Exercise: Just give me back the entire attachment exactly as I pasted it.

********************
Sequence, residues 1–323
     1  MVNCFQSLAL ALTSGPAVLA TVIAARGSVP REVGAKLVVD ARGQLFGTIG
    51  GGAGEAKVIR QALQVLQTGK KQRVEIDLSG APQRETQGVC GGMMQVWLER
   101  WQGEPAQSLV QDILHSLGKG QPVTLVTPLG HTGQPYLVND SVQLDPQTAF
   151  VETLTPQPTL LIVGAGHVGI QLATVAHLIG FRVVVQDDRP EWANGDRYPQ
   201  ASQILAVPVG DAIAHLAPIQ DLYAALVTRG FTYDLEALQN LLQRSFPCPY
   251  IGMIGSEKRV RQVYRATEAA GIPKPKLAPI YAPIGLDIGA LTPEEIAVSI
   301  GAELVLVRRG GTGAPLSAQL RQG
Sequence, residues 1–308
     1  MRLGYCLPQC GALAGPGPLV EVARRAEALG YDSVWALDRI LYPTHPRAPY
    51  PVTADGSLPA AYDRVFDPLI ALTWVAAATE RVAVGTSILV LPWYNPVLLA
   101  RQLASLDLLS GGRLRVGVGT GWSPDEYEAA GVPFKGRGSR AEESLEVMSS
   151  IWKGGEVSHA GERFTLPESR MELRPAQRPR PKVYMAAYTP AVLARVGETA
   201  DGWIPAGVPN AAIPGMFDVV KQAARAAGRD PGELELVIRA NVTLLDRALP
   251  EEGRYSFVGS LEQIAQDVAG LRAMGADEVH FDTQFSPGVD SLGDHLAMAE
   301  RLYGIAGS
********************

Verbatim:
Sequence, residues 1–323
     1  MVNCFQSLAL ALTSGPAVLA TVIAARGSVP REVGAKLVVD ARGQLFGTIG
    51  GGAGEAKVIR QALQVLQTGK KQRVEIDLSG APQRETQGVC GGMMQVWLER
   101  WQGEPAQSLV QDILHSLGKG QPVTLVTPLG HTGQPYLVND SVQLDPQTAF
   151  VETLTPQPTL LIVGAGHVGI QLATVAHLIG FRVVVQDDRP EWANGDRYPQ
   201  ASQILAVPVG DAIAHLAPIQ DLYAALVTRG FTYDLEALQN LLQRSFPCPY
   251  IGMIGSEKRV RQVYRATEAA GIPKPKLAPI YAPIGLDIGA LTPEEIAVSI
   301  GAELVLVRRG GTGAPLSAQL RQG
Sequence, residues 1–308
     1  MRLGYCLPQC GALAGPGPLV EVARRAEALG YDSVWALDRI LYPTHPRAPY
    51  PVTADGSLPA AYDRVFDPLI ALTWVAAATE RVAVGTSILV LPWYNPVLLA
   101  RQLASLDLLS GGRLRVGVGT GWSPDEYEAA GVPFKGRGSR AEESLEVMSS
   151  IWKGGEVSHA GERFTLPESR MELRPAQRPR PKVYMAAYTP AVLARVGETA
   201  DGWIPAGVPN AAIPGMFDVV KQAARAAGRD PGELELVIRA NVTLLDRALP
   251  EEGRYSFVGS LEQIAQDVAG LRAMGADEVH FDTQFSPGVD SLGDHLAMAE
   301  RLYGIAGS